The impressive trajectory of the Internet age and social media’s dominance of how we get our information was put on display Monday night when Facebook and its companies – Instagram and WhatsApp – crashed worldwide.
Large swaths of the world rely on these platforms and services, which are largely unregulated by governments, to do everything: send messages, make calls, receive information and coordinate meetings and daily life.
This is not just a small part of people’s lives in the modern age. The age of the Internet has rapidly shifted power into the hands of a few large tech giants that operate as monopolies on the planes of hosting, distribution and dissemination of information.
However, they also control other networks that increasingly serve as stand-ins for phone networks.
When the Internet age began in the 1990s, it provided a radical new way for people to access information; before that there was only television and radio. The nature of the Net, interactive in ways the other two weren’t, meant that it rapidly began to inhabit a multiplicity of places in people’s lives that hitherto were not thought possible.
Soon after, the Internet provided an alternative way to watch television – streaming sites and YouTube. This quickly became true for radio and other mediums. News went online, battering major legacy media and challenging its survival. Product sales – shopping – moved online, as did the creation of portals for people to chat, message and communicate and to create virtual versions of themselves.
The most recent revolution has been the binding of these various elements under the power of big tech companies – like Facebook. What this means is that while the Internet age of the late 1990s and early 2000s was a unique free-for-all Wild West, the new age reflects more the era of the Robber Barons of the US in the late 19th century – the monopolies and trusts that came to dominate industry through horizontal and vertical integration.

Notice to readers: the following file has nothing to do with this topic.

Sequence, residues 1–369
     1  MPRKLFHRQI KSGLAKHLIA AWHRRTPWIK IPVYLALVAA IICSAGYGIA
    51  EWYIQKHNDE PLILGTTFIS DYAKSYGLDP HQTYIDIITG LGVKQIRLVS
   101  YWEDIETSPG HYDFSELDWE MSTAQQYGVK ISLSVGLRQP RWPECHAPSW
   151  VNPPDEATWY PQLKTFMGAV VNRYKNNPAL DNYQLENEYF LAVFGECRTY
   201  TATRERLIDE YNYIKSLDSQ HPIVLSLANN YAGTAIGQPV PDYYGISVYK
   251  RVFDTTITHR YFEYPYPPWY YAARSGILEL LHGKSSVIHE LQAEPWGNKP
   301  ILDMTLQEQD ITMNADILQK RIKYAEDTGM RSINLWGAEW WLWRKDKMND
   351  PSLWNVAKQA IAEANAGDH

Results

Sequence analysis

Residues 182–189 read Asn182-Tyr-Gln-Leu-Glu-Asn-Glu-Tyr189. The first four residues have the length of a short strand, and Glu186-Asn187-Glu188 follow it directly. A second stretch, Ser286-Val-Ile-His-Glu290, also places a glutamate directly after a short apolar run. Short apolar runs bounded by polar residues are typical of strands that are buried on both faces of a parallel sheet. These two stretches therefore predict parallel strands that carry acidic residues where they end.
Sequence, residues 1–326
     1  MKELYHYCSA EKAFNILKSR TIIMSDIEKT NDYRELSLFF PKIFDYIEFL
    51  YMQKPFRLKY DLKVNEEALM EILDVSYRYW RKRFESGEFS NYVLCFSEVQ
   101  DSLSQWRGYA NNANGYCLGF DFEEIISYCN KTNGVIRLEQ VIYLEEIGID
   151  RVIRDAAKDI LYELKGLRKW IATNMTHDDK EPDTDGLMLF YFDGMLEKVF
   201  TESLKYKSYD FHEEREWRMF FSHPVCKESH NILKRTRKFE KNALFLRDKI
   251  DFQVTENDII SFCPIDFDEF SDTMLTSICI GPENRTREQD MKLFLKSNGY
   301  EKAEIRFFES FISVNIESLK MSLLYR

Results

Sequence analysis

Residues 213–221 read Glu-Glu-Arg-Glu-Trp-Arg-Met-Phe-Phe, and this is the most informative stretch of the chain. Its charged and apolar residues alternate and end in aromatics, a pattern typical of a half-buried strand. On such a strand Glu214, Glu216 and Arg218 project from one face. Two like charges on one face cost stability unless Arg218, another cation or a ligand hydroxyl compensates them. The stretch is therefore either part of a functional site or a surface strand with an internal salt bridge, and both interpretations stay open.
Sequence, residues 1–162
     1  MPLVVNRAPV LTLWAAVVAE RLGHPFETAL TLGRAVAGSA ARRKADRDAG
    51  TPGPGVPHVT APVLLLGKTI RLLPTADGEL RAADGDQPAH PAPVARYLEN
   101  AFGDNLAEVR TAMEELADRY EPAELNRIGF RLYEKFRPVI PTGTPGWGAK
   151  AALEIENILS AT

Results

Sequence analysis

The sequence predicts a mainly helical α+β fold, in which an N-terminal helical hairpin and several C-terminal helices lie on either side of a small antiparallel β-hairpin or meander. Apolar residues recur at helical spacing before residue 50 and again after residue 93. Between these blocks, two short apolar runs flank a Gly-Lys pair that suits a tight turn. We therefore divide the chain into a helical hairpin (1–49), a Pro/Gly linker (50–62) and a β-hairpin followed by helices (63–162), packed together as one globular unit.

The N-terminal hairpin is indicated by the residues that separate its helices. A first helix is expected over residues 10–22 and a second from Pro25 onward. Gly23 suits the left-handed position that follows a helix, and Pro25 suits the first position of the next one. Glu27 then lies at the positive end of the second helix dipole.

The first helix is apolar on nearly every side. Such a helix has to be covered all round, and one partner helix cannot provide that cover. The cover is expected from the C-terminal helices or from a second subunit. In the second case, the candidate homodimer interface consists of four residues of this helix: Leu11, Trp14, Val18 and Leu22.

Big tech companies are so large they now have gobbled up swaths of the Internet and control the way in which most information and communications flow.
AN OUTAGE like the one that occurred on Monday is not unprecedented. Various large big tech sites have crashed in the past, usually for a short time. There has also been an increase in cyber incidents over the last few years, including cyberattacks that have targeted critical infrastructure, whether in Israel, the US or other places.
The question that should be asked increasingly by governments is how they can replicate or maintain communication and major Internet systems in case of an outage among major companies that are too big to fail.
This is not an arbitrary thought experiment.
The world is entering an era of uncertainty, reflected not only in the pandemic, but also in great power competition. This is because the world order that emerged after the Cold War, which led to the global dominance of the United States, has now shifted to a league of authoritarian countries that are at odds with Washington and Western democracies.
Most of them also censor certain parts of the Internet or fear widespread citizen use of it as a whole. This includes Turkey, Iran, China, Russia and other states.
Big tech companies often must weigh the demands of authoritarian regimes to crack down on them, balancing them with their own budgets and business goals. This means, in some cases, succumbing to the authoritarians.